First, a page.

Herbal Lore

Lavender: Folklore, Healing & Magical Uses

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By Morningbird

Lavender (Lavandula spp) is an aromatic member of the mint family native to the Mediterranean region, Northern and Eastern Africa and parts of India.

It bears fragrant purple, white or blue flowers nearly all summer long and into autumn. The plant is a low-growing shrub with multiple stems and spikes of flowers [1].


History and Folklore

Some of the earliest recorded uses of lavender are by the Roman soldiers who used the wild-growing plant to perfume their bathwater and wash their clothes.

Because of the association with clothes-washing, medieval English washerwomen were referred to as lavenders. The poorest of these women were reputedly also prostitutes, and so the word came to have a double-meaning. One anonymous 16th-century poet wrote:

Thou shalt be my lavender
To wash and clean all my gear
Our two beds shall be set
Without any let [3]

In Spain and Portugal, lavender was traditionally strewn on the floor of churches or thrown into bonfires to avert evil spirits on St. John’s Day. In Tuscany, pinning a sprig of lavender to your shirt is a traditional ward against the evil eye [3].


Most lavenders prefer a warm, sunny spot with well-drained soil. Lavender is a plant that doesn’t like its “feet wet” so well-drained soil is of the utmost importance. It will tolerate some drought and heat quite well, however. Most lavenders will grow well throughout the Southwestern United States, but more Northerly regions may have trouble.

Plant your lavender where it will get full sun but be sheltered from harsh winds and not be in a drain path. Space the plants well apart to allow air circulation. It should be fed some compost the first year to get it started; After that, ignore it except for providing some protection from cold and wet. A thick layer of mulch after the first frost will protect the roots in areas where repeated thawing and freezing may stress the plant.

For the best fragrance and essential oil production, the soil should be nutrient-poor and alkaline.

Lavender is a good companion for fruit trees, rue and any plant that might be troubled by whitefly or that would benefit from bees and other pollinating insects lavender attracts.

Lavender grows reasonably well in pots and can be brought indoors in cold or wet weather. It doesn’t need a big pot. Just an inch or two wider than the root ball is sufficient.

The important thing is that the pot drains well. Mix your potting soil with equal parts sand and put a layer of loose gravel in the bottom of the pot before adding your soil. This will encourage drainage. Water when the soil feels dry and try not to wet the leaves. Make sure your lavender plant gets plenty of sun.

Harvesting & Storage

For the best quality herb, harvest lavender flowers just as buds are beginning to open. Cut long stems and braid them into a lavender wand or hang them to dry individually.

Magical Attributes

Lavender is masculine in action and associated with Mercury in Culpeper’s Herbal [2]. It is also associated with the element of air and the astrological sign Virgo.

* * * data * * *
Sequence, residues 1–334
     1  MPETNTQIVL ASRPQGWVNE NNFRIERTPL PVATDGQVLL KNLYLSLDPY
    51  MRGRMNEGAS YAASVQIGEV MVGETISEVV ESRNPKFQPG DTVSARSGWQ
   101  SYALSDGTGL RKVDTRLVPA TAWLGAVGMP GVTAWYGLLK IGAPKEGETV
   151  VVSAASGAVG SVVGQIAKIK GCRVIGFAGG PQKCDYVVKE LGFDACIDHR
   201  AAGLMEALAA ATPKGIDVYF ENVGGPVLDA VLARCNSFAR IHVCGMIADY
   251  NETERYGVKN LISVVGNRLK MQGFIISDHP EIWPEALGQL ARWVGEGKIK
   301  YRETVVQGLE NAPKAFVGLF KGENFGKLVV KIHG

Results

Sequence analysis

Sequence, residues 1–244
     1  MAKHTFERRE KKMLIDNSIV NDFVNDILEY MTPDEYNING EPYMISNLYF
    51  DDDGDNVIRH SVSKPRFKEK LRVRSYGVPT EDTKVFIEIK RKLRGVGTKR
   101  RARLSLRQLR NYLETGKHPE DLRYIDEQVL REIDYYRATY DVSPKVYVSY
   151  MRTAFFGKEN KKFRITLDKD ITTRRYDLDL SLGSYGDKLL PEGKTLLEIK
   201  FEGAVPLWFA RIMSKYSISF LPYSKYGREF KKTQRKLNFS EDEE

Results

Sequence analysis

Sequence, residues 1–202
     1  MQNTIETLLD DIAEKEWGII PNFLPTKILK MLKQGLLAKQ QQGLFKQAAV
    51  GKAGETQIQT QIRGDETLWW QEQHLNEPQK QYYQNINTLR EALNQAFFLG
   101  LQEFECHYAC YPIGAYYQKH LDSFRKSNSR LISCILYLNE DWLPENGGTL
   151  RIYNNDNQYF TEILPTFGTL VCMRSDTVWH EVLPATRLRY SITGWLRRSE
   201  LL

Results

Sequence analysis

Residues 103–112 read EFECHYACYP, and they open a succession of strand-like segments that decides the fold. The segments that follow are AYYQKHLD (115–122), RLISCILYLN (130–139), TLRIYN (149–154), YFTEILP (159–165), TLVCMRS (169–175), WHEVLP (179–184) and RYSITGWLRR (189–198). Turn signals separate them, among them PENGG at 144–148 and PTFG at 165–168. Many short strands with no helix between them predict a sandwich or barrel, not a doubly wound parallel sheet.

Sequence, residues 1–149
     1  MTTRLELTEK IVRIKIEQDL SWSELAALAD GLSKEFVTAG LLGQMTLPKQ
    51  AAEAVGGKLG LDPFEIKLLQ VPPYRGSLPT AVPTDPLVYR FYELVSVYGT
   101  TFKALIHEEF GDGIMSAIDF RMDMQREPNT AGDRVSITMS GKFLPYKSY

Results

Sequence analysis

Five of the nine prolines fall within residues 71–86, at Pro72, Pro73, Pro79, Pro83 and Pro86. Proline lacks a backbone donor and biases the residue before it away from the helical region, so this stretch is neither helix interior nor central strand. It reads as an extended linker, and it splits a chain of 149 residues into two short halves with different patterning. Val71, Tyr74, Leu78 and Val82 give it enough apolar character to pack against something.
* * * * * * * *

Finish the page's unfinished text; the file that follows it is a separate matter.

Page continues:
It may be used as an asperging herb (to sprinkle water for purification purposes) and dried lavender sticks or wands can be burnt like incense.

It is also useful in spells to sharpen the mind, to encourage or strengthen pure love and to encourage fertility.

Household Use

Lavender deters fleas and moths. Place sachets of lavender buds or lavender wands in cupboards and closets or stuff them into pet bedding to help deter pests from these areas. Also, put sachets of lavender in your dryer to scent your laundry. These can be reused several times.

Healing Attributes

The scent of lavender is relaxing and uplifting all at once making it great aromatherapy for stressed out or depressed individuals. Try adding some lavender oil to your bath or add it to a mild oil for a relaxing massage at the end of a hard day.

Stuffing a pillow with lavender buds may help insomniacs relax and fall asleep and soothes headaches.


The essential oil of lavender is particularly potent and should be used carefully. Large amounts of lavender should not be consumed internally by pregnant women or nursing mothers [1].

Culinary Use

Lavender is a good addition to wedding cakes because of its delicate flavor and its association with love and fertility.

To make lavender flavored sugar, layer dried lavender buds and sugar in a jar and let it sit in a dark place for about a month. Sift out the lavender buds and enjoy your sugar in delicately flavored cakes, custards, and tea.

Bibliography (Amazon Affiliate Links)
1. Balch, Phyllis A.
Prescription for Nutritional Healing, Fifth Edition: A Practical A-to-Z Reference to Drug-Free Remedies Using Vitamins, Minerals, Herbs & Food Supplements
5,874 Reviews

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2. Culpeper, Nicholas.
Culpeper's Colour Herbal
73 Reviews
Culpeper's Colour Herbal
  • present-day uses of herbs
  • real value of each plant

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3. Platt, Ellen Spector.
Lavender: How to Grow and Use the Fragrant Herb (Herbs (Stackpole Books))
76 Reviews
Lavender: How to Grow and Use the Fragrant Herb (Herbs (Stackpole Books))
  • Platt, Ellen Spector (Author)
  • English (Publication Language)

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Written by Morningbird & Witchipedia Team

I have been practicing magick alone and with family and friends for over 30 years. As a founder and lead writer on Witchipedia, I’ve been publishing articles since 2006.

It is our mission to provide the most accurate Pagan, occult and magical information.

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